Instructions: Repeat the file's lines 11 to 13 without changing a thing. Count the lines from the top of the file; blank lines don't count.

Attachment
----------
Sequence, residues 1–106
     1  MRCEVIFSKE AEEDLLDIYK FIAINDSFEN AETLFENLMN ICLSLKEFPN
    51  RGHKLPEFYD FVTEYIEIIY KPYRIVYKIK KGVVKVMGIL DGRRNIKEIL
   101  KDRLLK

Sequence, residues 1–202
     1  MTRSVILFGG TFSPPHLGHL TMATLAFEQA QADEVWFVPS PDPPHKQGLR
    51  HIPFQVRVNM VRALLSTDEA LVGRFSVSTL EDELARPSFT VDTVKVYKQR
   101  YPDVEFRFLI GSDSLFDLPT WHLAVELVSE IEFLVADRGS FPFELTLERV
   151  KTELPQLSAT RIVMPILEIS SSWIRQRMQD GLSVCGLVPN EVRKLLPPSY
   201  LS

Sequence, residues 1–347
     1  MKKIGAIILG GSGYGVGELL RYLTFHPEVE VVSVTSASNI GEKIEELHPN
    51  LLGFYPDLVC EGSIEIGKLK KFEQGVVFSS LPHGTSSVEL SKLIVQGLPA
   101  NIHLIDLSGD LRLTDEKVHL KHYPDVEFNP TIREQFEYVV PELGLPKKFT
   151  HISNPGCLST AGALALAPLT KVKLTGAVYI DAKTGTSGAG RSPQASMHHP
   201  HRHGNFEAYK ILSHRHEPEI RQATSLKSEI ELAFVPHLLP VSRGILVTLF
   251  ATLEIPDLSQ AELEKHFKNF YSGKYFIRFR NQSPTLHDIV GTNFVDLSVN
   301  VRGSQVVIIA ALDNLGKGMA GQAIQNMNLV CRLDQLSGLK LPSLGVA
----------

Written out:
Sequence, residues 1–347
     1  MKKIGAIILG GSGYGVGELL RYLTFHPEVE VVSVTSASNI GEKIEELHPN
    51  LLGFYPDLVC EGSIEIGKLK KFEQGVVFSS LPHGTSSVEL SKLIVQGLPA